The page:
To celebrate the release of Everything But a Dog on 12/11/12 I'm talking to people who work with, or have adopted, rescue animals!
When I put out the call for adoption stories one of my good friends sent me a beautiful one. Cindi Myers is not only a fantastic writers, she's an amazing woman. And you can see what a beautiful heart she has in her story of Katie.
The Perfect Dog
Losing a beloved family member tears a hole in your heart. The hole is no less small when that family member is a pet. When we said good-bye to Shelby, our darling Belgian Malinois, at the end of her battle with bladder cancer, my husband and I cried bitter tears. The house seemed so empty without her sweet presence. Our other dog, a Beagle mix named Snoopy, mourned the loss too. He moped, picked at his food and was a sad pup indeed.
Though other people told us to give ourselves time to grieve and not to rush into anything, we decided adopting another dog was right for us. We missed having two dogs and Snoopy clearly needed a canine companion. Besides, with so many dogs in shelters needing a home, and us having the resources to provide that home, adopting seemed the right decision.
So one bright Saturday morning we loaded Snoopy in the car and headed to the Denver Dumb Friends League. After reviewing their website, I'd picked out a top three candidates of dogs we thought we'd like. We had criteria – under two years old, short hair and on the small side. We toured the runs and submitted our choices. All three were either already adopted or in the process of being adopted. Unwilling to give up, we toured the runs again and stopped before a kennel containing a beautiful black Chow mix. She lay with her back to the glass, the picture of a sad, depressed dog. She was all wrong for us – too big and too hairy – but we were drawn to her nonetheless. "Let's ask to see her," I said, and my husband agreed.
When the counselor led her into the meeting room a few minutes later, she gave a tentative wag of her plumed tail. I was so enchanted by her sweet face and gentle manner that it took me a few moments to notice she had only one eye. "She's been here a while," the counselor told us. "About a month. Let's take a look at her history."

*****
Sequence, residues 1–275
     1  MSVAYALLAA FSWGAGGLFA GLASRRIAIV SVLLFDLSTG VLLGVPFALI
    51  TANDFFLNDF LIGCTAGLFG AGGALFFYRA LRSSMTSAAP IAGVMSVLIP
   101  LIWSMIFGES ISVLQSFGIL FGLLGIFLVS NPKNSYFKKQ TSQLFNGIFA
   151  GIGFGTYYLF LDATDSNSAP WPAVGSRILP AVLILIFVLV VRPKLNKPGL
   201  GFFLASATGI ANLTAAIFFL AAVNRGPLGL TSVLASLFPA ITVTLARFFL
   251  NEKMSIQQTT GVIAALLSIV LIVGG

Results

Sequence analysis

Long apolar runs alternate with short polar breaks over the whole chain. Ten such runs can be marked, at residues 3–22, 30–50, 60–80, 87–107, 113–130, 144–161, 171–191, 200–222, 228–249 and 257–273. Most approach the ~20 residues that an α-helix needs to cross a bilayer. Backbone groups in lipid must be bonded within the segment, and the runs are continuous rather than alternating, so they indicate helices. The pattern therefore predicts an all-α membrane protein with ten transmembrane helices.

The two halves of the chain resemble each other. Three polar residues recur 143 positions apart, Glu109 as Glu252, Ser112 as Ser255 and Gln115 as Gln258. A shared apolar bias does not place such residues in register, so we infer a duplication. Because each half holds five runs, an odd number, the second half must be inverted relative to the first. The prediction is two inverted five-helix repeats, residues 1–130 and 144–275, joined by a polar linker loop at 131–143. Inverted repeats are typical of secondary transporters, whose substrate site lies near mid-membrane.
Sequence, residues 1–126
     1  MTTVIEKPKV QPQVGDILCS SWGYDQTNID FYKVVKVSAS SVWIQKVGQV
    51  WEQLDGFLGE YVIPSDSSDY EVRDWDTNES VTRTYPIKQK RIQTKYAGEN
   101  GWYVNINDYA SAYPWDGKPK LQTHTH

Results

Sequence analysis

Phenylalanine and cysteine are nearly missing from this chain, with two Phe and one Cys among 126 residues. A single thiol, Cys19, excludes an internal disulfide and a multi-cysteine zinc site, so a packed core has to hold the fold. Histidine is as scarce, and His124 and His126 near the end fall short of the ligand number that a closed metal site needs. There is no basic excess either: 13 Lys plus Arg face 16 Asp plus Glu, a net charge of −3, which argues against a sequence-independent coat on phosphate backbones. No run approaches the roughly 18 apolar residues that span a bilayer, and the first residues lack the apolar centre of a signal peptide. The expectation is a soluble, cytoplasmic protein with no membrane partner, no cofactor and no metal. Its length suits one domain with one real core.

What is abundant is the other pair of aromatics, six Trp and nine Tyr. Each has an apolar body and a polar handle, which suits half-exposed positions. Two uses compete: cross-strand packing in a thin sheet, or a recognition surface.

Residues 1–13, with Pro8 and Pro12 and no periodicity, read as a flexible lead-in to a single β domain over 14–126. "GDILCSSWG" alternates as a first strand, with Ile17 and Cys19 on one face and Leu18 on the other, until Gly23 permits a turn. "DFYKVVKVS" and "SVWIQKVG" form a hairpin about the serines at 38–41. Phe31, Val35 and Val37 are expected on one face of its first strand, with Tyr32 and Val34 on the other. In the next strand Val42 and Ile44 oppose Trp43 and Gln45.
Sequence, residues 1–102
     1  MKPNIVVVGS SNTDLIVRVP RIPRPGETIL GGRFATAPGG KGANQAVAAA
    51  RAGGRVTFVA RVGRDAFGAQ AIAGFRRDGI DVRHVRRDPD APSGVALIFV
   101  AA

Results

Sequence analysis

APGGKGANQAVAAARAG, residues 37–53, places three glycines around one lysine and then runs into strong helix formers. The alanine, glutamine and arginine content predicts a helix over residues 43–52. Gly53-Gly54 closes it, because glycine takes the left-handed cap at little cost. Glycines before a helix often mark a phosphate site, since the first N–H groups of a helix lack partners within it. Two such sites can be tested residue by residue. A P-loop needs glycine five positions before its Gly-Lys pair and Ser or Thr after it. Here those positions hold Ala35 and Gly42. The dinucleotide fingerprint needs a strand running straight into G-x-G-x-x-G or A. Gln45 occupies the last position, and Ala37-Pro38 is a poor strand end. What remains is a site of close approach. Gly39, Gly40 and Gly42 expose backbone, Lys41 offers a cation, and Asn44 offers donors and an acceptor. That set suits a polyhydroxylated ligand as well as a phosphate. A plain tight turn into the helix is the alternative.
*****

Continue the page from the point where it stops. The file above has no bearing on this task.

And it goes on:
She'd been turned in to the shelter supposedly because she was "destructive and not house trained." Words that had probably deterred more than one potential adoptive family. Maybe they should have deterred me, but they didn't. "I'm home all day," I said. "I can work with her."
"She's nervous around strangers," the counselor said. "The evaluation almost ruled her a non-candidate for adoption, but we decided to give her a chance." She didn't seem nervous around us; in fact, she was eagerly accepting our pats. "Let's have her meet Snoopy." We took them out to a play yard and brought Snoopy to meet her. After greetings, they began to play. Snoopy was livelier than we'd seen him in weeks.
"We'll take her." We decided to name her Katie. We took her home, fully anticipating problems. What we got instead was a sweet, obedient, amazingly well-trained dog. Never a single "accident" in the house. Not so much as a tooth mark on anything. This was the destructive, non-house-broken dog in the shelter records?
The one thing they'd been right about was that she was nervous around strangers. We set about socializing her. It was a slow process. We began to suspect abuse in her past. It took fully two years before she stopped hiding when we came home after being gone a while, and she still sometimes hides when strangers visit, particularly very big men. But gradually, she grew more confident. She needed us and we definitely needed her. The dog the counselors had deemed almost un-adoptable was the perfect dog for us. She wasn't what we'd set out to find or what we'd expected, but some relationships are meant to be.
The View From Here. "It takes a village to heal a broken heart."